6 Classic Wooden Ring Designs

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This is 6 Classic Wooden Ring Lamination Designs, your guide to using classic design elements in your wooden ring blanks to achieve an incredible look. You will love these laminations, so feel free to steal them for your own rings.

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Classic Wooden Ring Lamination Designs

6-Classic-Wooden-Ring-DesignsLaminated wooden rings are extraordinarily popular, and thanks to the creativity of woodworkers and jewelry makers, there are many styles. Even though there are so many offerings, there are still several designs that are classics among ring makers.

These are the designs that never go out of style, and that always look good. They are a tremendous place to start for any beginning ring maker, and they can make you look more experienced than you are at the moment.

You’ll definitely want to start incorporating some of these designs into your woodworking and your ring making. The looks are timeless, and you’ll be able to make them come alive with the different wood species that you choose.

Here is the list, and I’ll go into each of these lamination styles in detail farther down in the post.

  • Three Piece Ring Lamination
  • Three Piece With Veneer
  • Thin Faces Lamination
  • Tall Lamination Ring
  • Complex Lamination
  • Asymmetrical Lamination (2/3 and 1/3 or angled)
  • How to Make Them Come Alive

See Also: 25 Gorgeous Wood Species for Making Wooden Rings

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Three Piece Ring Lamination

25-Things-I-Wish-I-Knew-When-I-Started-Making-Wooden-Rings-cocobolo-and-olivewood-ring-with-a-brass-dot-inlayThis is the bread-and-butter of wooden ring making. This type of lamination is extremely popular, and it showcases the different wood species well. It’s simple, elegant, and a classic design in wooden ring making.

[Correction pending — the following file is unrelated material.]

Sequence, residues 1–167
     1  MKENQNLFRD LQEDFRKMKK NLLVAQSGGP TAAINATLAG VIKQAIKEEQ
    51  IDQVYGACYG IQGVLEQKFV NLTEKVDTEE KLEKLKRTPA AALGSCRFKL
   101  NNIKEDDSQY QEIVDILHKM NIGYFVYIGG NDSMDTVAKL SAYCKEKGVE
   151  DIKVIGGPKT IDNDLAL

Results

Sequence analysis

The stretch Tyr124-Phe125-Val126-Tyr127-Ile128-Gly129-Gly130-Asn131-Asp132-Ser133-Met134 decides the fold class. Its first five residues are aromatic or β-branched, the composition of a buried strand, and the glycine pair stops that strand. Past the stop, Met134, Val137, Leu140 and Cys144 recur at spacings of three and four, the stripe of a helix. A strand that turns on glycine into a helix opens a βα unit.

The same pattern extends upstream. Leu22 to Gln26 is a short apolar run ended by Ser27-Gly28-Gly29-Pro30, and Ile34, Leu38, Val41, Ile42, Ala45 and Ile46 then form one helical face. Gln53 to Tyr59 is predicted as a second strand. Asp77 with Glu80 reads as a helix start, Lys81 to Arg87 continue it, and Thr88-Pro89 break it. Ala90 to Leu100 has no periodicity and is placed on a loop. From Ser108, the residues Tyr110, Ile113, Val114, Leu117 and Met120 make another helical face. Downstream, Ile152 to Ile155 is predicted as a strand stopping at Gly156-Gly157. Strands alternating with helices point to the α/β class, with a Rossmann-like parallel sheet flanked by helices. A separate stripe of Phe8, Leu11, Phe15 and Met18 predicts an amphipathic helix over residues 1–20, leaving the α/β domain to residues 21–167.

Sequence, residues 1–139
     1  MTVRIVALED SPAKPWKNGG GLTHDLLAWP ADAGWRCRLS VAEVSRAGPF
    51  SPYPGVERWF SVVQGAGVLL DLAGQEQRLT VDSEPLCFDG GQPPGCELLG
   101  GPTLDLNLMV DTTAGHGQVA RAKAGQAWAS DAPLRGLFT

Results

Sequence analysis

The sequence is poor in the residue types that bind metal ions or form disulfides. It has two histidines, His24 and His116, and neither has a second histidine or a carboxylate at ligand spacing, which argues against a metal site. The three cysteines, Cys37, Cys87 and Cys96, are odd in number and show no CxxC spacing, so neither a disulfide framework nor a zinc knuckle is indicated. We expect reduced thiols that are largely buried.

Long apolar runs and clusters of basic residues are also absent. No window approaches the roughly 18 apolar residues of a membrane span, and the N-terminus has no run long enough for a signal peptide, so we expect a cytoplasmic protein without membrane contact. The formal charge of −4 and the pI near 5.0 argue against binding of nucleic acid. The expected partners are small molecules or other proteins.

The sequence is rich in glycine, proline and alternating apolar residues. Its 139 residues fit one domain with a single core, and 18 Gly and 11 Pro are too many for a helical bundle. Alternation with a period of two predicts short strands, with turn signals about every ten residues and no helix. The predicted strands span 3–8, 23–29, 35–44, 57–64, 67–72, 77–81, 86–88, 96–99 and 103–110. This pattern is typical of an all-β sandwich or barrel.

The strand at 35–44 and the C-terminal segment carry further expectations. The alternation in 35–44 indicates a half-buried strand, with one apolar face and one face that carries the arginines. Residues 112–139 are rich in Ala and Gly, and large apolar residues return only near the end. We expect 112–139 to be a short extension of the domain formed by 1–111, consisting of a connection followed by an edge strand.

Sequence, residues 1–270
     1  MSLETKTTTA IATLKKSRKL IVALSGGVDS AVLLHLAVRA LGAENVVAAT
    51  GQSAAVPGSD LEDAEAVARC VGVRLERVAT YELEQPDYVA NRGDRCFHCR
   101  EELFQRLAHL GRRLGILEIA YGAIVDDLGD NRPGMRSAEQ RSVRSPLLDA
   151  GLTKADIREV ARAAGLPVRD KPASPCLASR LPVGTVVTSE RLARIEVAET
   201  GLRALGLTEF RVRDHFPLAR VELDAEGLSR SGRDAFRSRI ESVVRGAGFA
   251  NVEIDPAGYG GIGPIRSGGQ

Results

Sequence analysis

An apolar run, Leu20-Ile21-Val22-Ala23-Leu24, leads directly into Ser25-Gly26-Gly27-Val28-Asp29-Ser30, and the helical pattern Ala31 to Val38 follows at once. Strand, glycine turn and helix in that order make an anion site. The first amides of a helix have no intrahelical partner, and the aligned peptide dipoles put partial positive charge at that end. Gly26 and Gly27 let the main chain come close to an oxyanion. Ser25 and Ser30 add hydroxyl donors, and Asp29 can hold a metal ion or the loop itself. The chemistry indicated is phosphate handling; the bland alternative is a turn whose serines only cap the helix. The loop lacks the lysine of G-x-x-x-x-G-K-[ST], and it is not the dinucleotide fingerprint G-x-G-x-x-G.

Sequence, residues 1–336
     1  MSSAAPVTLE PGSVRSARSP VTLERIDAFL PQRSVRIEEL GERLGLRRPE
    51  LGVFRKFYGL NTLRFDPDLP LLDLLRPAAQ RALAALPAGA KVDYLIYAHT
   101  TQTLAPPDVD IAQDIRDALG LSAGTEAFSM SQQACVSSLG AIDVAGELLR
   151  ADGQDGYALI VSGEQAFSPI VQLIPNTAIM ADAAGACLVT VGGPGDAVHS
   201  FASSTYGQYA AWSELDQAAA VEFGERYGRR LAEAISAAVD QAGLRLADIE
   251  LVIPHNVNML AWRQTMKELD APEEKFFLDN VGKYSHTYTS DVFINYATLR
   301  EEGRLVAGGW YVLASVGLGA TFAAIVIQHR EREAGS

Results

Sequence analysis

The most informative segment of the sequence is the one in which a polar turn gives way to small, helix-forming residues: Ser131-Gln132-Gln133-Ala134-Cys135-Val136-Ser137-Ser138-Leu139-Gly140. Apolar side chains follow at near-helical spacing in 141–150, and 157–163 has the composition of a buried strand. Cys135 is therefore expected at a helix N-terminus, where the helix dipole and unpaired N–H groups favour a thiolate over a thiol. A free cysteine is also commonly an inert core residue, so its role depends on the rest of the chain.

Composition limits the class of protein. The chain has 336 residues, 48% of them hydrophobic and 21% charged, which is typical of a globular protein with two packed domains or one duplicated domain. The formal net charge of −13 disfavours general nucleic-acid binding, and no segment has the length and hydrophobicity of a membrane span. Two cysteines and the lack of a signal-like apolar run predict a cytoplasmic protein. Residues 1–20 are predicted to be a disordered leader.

The beauty of this lamination is in the simplicity. It’s three segments, which are all equally sized in thickness. This makes up the entire body of the ring. Whether you use two species of wood, or three, it’s still a very good look.

On this particular style of ring, one of the things you can do to make it stand out is use contrasting colors of wood. Use something light in the middle, and something dark on the outside, or vice versa.

When you use contrast in this style of lamination, it highlights one section of the ring over the others. It doesn’t necessarily matter which color, as it’s possible to highlight both light and dark colors with this style.

To practice, lay three equally sized sheets of wood in a pile, and look at them from the edge. They should all be around an eighth of an inch thick for this style to work. Rearrange your pieces until you like the look, and then you can use them to make a blank.

See Also: Laminated Wood Ring

Three Piece With Veneer

25-Things-I-Wish-I-Knew-When-I-Started-Making-Wooden-Rings-fine-veneer-ringAnother classic lamination for wooden rings is an extension of the three piece lamination that was covered in the previous section. In this type of lamination, you’ll use an additional two pieces of wood veneer between those three pieces.

The benefit of having the wood veneer is you now have a border between the three pieces. This means you can use that border to get a different effect from the three main body pieces of the ring.

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For example, you can use the exact same wood species for all three of your main pieces, and then use a contrasting color of veneer for those two pieces. This can actually have an effect of highlighting all three main sections, even though they are the same color.